And so, when I am outwalking, whether in a suburban neighborhood or an alley in New York, I know my task: to attend to what is in front of me, to remember who I am, to see in dust the promise of life. If you want to better see, I commend the photography of Robert Adams to you.

(The photo above is from the gallery of photographs of Robert Adams exhibited at Yale.  This one, from Colorado Springs, 1968, suggests the impersonal tract housing that multiplied in the post-war boom.  A lone figure, no doubt a housewife, seems to be looking out the window, and you want to suggest what she might be thinking: Is it the dispair of "is this all there is" or the the joy of watching children play in the backyard? Or is it both?)



Pornography (The Play, That Is)

When the play was over, there was  a brief moment of applause, and then everyone pretty much filed out of the theater.  There was no chatter, laughter, or excited conversation, no waiting around to meet the actors.  Like most, I just wanted out.  In the end, Pornography, British playwright Simon Stephen's fractured series of vignettes on London life in the wake of the 2007 London Underground bombings, was simply depressing.

In seven unconnected vignettes, Stephen's explores the lives of several individuals in the run up to and aftermath of the bombings.  All smack of the profane, of things repulsive, though not always in a sexual sense.  There's the bomber himself, driven by hate.  There's a lonely old woman, laughed at by a group of kids.  We see an alienated teenager, estranged from parents who hate each other, himself spurned by the girl he idolizes.  There's a teacher who makes sexual advances toward a former student.  There's an incestuous relationship between brother and sister. Few are the moments of laughter. Little if anything endears the characters to us, all of whom seem self-absorbed, narcissistic, and eaten up by their own passions.  The point?  Apparently, that life is obscene, pornographic if you will, that there is no hope and no meaning.

As if to drive home the point, two phrases recur throughout the play.  The first is "images of hell, they are silent," which seems to suggest the meaninglessness of the personal hells we all experience.  The second is one uttered by many of the actors, that is, "are you crying, or are you laughing?," as if to say it really doesn't matter whether you laugh or cry.  At the end, the number of the dead drones on, each character summarizing who they are, what they do, and yet, they are just a number, lost among the masses, again as if to say that it really doesn't matter who they were or what they did, that all is meaningless.  The few props are several black boxes that the characters move about in inexplicable ways, a testimony to meaninglessness, as if all we can do is move the pieces of life around and yet in the end it doesn't matter.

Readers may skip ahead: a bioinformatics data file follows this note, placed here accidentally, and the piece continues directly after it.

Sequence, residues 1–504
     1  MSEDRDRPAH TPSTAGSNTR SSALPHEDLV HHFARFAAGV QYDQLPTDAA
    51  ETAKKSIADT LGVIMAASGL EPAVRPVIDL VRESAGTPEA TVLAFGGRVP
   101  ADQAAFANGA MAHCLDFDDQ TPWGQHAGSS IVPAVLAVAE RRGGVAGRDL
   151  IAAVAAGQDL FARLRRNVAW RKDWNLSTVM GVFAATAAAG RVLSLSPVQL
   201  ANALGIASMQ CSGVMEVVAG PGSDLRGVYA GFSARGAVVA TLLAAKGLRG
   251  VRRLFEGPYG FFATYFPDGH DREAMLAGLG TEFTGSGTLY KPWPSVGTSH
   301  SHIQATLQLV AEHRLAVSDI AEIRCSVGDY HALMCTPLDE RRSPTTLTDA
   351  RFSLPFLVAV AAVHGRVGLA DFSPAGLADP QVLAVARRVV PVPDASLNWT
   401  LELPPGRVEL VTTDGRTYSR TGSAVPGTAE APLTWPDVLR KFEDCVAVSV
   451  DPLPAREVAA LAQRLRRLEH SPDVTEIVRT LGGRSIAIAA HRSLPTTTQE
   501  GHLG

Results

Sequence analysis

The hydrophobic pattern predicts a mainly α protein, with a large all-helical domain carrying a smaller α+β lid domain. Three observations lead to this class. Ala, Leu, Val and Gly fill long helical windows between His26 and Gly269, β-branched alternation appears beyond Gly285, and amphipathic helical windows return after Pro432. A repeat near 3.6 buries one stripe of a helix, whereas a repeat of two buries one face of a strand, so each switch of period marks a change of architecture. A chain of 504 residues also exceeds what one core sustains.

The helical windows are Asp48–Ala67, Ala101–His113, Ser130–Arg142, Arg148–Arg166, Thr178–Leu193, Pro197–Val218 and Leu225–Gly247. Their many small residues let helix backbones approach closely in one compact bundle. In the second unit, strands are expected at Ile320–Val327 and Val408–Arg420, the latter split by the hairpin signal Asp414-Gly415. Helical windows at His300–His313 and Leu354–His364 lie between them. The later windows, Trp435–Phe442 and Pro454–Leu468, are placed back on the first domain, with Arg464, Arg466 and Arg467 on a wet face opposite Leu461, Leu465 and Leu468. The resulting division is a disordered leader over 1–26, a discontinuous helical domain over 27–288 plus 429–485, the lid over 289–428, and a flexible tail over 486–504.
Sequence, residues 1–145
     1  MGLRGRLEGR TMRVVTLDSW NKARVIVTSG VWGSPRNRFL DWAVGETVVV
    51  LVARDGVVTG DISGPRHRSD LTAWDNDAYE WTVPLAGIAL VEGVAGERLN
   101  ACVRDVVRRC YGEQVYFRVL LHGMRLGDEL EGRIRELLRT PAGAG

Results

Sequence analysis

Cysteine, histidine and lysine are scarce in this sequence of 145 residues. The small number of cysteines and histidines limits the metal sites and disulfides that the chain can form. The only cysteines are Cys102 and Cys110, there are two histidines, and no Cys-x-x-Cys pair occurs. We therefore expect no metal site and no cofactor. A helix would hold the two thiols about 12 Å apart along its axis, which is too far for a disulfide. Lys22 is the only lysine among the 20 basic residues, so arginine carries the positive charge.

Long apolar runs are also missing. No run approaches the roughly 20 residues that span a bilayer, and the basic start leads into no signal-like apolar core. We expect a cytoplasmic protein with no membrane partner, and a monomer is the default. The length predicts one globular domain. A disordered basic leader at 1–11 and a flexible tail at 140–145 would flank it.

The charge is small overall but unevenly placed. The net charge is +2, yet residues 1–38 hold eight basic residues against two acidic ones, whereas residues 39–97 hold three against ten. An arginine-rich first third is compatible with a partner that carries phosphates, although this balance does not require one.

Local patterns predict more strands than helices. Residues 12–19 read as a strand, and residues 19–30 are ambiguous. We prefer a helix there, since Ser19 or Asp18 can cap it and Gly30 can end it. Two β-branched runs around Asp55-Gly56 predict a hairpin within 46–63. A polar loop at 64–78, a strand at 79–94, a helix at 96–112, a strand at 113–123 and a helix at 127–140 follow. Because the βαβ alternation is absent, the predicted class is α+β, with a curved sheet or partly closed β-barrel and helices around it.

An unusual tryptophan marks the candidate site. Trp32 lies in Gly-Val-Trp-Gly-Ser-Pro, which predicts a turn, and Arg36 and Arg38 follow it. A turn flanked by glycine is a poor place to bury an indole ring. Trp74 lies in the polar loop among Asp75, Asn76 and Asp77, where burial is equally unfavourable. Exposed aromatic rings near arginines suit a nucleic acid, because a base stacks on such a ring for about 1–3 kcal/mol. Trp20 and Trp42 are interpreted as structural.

Pornography is, ultimately, a visible embodiment of nihilism, the philosophy that says life is meaningless. What does it mean?  It means nothing.  We are nothing. Life is nothing, death is nothing, our wants and desires are nothing.

And yet there is hope conveyed, though I suspect Stephens did not have it in mind.  If he believes life is meaningless, why did he feel compelled to communicate something that no doubt he saw as having meaning?  Would it not have been more honest to have simply said nothing?  That he attempts to say something meaningful, that he hopes to have an impact on the viewer, tells me that he longs for meaning.  And that is hopeful, because it reminds me that the longing for meaning did not just spring into existence ex nihilio but is part of the way we are fashioned: we long for meaning because there is meaning to be found.

I don't need to see another play, hear more music, or view more art that expresses nihilism.  There's enough of that in the world.  There's enough entertainment to distract us momentarily, to take our mind off the fact that we don't know what matters.  And yet perhaps a play like Pornography will lead someone to ask why, to wonder where that need for meaning came from, and lead some to embrace the One who makes everything matter.  That gives me hope for playwright and audience, for all who filed out of the theater into the darkness of night.

The New Tribalism?

7531300213 “If you follow marketing trends, you’ve probably been hearing a lot about “tribes” lately. It’s the idea that our culture is a collection of groups with a shared identity, mission or leader. Seems obvious enough. We’ve all seen Braveheart and have a pretty good idea of what a tribe is. But what does it mean for an artist in the 21st century? I think it provides one model for how an artist can have the freedom to create their art and make a living doing it.”  (Joe, at Noisetrade 101)